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Winter course: The Ongoing Psychological Colonization of Indigenous Peoples

Submitted by Caterina Rost on January 3, 2017 - 12:58pm
Winter 2017
AIS 475 B
The Ongoing Psychological Colonization of Indigenous Peoples
Instructor: Stephanie Fryberg
MW 11:30 - 1:20 pm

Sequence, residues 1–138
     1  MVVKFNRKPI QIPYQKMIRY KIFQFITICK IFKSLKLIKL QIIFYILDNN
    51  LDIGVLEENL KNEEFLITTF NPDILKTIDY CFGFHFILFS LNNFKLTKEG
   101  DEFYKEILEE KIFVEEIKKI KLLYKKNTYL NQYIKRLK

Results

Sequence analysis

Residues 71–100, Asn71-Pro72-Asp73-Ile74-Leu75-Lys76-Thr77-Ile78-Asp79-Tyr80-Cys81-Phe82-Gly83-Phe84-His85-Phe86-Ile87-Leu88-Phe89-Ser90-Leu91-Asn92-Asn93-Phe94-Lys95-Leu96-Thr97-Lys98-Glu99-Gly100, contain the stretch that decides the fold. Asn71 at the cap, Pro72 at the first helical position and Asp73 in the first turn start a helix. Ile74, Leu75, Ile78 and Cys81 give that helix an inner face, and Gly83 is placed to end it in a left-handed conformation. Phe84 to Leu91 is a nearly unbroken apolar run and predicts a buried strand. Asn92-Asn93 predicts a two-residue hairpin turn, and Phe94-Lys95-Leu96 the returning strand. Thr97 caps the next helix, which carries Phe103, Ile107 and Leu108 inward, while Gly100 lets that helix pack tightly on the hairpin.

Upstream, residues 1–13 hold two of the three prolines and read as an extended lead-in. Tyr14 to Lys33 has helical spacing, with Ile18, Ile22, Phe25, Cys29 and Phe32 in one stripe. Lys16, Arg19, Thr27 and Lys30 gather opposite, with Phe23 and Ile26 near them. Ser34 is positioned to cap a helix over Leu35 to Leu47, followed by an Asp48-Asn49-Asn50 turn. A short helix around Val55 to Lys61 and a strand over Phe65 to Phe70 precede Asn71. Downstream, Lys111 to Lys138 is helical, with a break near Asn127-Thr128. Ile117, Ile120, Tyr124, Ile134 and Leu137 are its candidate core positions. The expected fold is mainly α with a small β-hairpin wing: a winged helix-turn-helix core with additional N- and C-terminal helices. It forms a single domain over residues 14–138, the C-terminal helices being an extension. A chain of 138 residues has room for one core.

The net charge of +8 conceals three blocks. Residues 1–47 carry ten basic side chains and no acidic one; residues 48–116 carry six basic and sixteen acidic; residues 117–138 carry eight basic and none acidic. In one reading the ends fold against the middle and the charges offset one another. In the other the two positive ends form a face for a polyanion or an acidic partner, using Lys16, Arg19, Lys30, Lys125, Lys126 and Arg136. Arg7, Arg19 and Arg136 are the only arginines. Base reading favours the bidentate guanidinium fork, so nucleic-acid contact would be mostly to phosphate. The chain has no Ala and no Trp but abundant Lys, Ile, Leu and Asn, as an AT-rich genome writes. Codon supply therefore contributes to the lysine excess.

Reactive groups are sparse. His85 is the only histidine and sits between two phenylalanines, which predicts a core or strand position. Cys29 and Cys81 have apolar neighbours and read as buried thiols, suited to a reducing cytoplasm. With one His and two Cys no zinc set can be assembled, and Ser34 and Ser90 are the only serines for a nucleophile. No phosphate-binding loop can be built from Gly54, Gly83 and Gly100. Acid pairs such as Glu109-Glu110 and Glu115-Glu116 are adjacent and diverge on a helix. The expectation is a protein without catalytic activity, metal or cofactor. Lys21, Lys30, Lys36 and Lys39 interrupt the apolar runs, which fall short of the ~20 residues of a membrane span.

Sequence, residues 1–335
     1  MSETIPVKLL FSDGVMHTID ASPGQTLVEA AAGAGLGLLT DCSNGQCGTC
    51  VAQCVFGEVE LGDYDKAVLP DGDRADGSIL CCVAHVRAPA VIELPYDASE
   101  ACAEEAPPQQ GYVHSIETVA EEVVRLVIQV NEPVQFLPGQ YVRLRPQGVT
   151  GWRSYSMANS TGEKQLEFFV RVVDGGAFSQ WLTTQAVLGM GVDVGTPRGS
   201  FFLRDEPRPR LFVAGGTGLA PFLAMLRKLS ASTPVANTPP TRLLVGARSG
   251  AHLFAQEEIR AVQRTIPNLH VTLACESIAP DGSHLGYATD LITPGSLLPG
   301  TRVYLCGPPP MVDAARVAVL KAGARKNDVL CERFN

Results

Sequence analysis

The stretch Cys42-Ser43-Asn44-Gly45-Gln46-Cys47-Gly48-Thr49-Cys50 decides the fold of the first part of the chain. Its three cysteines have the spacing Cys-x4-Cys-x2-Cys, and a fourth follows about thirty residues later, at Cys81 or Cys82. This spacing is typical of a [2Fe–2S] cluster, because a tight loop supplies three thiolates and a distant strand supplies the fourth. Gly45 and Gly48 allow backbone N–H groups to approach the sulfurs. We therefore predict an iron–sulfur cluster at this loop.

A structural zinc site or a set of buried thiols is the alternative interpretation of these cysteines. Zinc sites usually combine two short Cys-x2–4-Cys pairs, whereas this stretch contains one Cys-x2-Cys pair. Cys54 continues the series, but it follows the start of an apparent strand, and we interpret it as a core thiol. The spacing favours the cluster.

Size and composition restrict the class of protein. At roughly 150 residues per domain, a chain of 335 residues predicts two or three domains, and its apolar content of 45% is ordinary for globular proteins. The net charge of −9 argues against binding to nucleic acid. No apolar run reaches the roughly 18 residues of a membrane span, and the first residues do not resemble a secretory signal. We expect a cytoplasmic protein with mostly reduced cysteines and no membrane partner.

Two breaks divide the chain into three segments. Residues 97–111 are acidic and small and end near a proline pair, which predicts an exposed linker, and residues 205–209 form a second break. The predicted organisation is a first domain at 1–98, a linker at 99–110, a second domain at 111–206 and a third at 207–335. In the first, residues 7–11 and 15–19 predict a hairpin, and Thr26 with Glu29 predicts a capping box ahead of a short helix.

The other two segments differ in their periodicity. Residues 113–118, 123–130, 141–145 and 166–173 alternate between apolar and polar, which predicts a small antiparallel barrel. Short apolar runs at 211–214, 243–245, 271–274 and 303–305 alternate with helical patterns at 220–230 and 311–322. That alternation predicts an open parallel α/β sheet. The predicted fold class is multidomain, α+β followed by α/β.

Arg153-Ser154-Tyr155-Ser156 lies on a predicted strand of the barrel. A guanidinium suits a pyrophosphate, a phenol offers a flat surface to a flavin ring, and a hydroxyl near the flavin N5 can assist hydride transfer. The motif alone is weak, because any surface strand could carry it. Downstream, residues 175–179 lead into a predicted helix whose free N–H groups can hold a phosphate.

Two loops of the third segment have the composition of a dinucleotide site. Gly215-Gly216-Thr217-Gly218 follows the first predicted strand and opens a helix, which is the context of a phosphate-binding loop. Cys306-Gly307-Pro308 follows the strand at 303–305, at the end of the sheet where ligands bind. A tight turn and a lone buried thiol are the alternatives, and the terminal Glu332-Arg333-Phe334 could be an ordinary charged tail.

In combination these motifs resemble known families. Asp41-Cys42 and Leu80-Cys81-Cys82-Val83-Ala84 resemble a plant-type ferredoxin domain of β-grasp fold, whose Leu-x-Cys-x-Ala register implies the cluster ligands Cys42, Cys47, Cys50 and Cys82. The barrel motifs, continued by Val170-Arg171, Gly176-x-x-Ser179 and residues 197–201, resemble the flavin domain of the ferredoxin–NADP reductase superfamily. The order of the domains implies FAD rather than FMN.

Historical practices mandated the cultural assimilation and colonization of North American Indigenous peoples, but according to both Indigenous and non-Indigenous scholars, the inevitable legacy of colonialism is likely to influence every aspect of the lives of the subjugated persons for eternity. This course will examine 1) the foundations of psychological colonization and 2) how understanding these foundations can provide a roadmap for ameliorating the ongoing disruptions to self and identity development, families, education, and the future development of tribal communities. Theoretical and empirical evidence will be drawn from the experiences of indigenous communities in the U.S. and Canada, and at times from other colonized groups from around the world. A central issues throughout the course is whether and how the techniques and technologies of contemporary psychology should be appropriately adapted and/or adopted for use in Indigenous cultural communities.  This course is designed for upper-level students who have had at least one course in American Indian Studies.
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